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Spinel Overview

Spinel is a mineral compound and can come into existence due to various distinct combinations of elements, the most common being that of magnesium and aluminum oxide. It is found in an array of colors just like sapphires though the most popular is the red spinel.

Apart from red, spinel comes in a variety of colors such as pink, blue, green, yellow, and brown. The presence of trace element chromium is responsible for red, pink and orange colors whereas iron gives it green color.

Spinel scores 8 out of 10 on the Mohs scale of hardness, making it very durable for everyday jewelry. Spinel has been used in jewelry for a long time but it was mistaken for ruby till the advent of modern technology.

Spinel was not recognized till 18th century when it was discovered that the famous 170 carat Black Prince's Ruby- the centerpiece of the Imperial Crown of England – was in fact a red spinel! Later it turned out that many other pieces in the royal jewelry are spinels. This sparked a general interest towards this gemstone and gradually it gained prominence.

The low profile of this exceptional gemstone has helped its availability at attractive prices particularly among collectors and investors.

Spinel is one of the three birthstones for those born in the month of August; the others are peridot and sardonyx. It is also the gemstone for the 22nd wedding anniversary.

Spinel Quality and Pricing Factors

The color, clarity, and transparency of a spinel are the three key characteristics that determine its quality. The price of a spinel, like that of any other gemstone, is directly proportional to its quality. The carat weight of a spinel is also an important element in determining its price These factors are described in detail hereunder:


The color of a spinel is the most important quality criterion and it determines the price of the gemstone. The color should be well-distributed with a high saturation level and the stone must be transparent. The price of a spinel increases with the increase in color saturation to a point where it doesn’t become overtly dark or oversaturated. At that point its price drops significantly. A very light color spinel and extremely dark / opaque spinel will have almost the same price. AFG uses its own color grading system for various spinel color types:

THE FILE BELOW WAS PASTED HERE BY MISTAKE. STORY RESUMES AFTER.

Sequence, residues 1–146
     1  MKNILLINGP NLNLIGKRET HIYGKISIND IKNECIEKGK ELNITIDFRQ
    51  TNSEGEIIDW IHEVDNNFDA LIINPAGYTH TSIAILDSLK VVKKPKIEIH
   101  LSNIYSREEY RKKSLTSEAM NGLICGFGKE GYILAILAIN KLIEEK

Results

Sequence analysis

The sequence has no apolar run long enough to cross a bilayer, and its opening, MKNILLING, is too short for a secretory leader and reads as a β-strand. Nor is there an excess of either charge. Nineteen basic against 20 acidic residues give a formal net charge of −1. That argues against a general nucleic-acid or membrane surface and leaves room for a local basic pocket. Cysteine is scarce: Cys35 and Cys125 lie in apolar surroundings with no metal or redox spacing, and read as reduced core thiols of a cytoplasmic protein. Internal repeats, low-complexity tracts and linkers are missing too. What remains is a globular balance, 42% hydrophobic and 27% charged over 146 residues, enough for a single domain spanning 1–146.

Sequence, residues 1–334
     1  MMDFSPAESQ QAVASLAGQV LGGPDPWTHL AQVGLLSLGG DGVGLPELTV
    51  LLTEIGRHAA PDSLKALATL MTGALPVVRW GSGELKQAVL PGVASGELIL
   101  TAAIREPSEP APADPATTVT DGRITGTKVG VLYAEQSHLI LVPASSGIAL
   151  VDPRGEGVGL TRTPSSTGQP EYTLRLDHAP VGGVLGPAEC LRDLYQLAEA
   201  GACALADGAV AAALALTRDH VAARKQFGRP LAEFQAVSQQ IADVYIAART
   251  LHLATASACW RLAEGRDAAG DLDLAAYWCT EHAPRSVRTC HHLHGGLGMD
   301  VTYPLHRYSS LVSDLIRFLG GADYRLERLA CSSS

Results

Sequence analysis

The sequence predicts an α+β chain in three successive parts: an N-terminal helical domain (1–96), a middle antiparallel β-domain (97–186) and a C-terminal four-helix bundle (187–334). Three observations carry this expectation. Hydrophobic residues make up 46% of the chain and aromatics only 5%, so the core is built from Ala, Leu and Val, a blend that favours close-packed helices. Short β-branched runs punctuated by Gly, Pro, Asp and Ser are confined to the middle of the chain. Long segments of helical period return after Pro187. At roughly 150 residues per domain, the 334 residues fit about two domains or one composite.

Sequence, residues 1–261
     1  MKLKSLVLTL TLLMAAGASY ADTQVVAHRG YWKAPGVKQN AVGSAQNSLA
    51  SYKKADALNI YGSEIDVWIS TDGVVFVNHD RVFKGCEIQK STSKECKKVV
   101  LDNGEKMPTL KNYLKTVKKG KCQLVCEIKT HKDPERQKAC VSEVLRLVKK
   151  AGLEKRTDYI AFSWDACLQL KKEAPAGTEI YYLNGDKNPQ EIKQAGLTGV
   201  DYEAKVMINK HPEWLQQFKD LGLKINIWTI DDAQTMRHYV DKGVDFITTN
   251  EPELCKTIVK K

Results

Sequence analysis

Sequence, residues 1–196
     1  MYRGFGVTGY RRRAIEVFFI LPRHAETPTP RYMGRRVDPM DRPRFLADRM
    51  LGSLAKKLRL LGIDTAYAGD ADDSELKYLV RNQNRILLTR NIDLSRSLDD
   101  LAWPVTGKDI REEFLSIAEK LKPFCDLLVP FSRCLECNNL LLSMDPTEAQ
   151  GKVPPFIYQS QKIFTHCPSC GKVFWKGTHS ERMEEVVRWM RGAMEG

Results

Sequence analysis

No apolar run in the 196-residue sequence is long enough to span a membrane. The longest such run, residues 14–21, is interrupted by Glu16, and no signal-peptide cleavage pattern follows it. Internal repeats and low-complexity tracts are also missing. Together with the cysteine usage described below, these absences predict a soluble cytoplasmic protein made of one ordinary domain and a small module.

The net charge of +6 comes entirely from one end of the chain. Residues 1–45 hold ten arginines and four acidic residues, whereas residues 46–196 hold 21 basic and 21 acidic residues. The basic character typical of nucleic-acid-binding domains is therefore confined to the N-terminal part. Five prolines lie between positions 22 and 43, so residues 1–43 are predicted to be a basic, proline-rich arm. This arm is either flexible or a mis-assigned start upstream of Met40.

Red Spinel Color Intensity
Vivid Best color without being overly dark (70% to 90% saturation)
Deep Slight oversaturation of color
Medium Shade lighter than vivid (50% to 70% saturation)
Purplish More purple than red in saturation (30% to 50% red)
Pinkish More pinkish than red in saturation (30% to 50% red)
Blue Spinel Color Intensity
Cobalt Best color without being overly dark (70% to 90% saturation)
Vivid Shade lighter than Cobalt (50% to 70% saturation)
Deep Slight oversaturation of color
Medium Shade lighter than Vivid (30% to 50% saturation)


Unlike diamonds which are inspected under magnification and are evaluated according to a standard grading system, color gemstones do not have a standardized grading system and it is extremely rare to find a spinel with no eye-visible imperfections.

Clarity refers to the presence or absence of internal and external imperfections in a gemstone. Generally, spinel is a much clearer gemstone when compared to other gemstones and as such clear spinels are easy to find with jewelers of repute. In the wholesale trade, we evaluate the clarity of a spinel in the following manner.

  1. Holding the gemstone face up 12 inches from the eye
  2. Tilting it in various directions to visually inspect for any visible inclusions
  3. Only imperfections viewable on the crown (top part of the gemstone) are inspected and not on the pavilion (back side)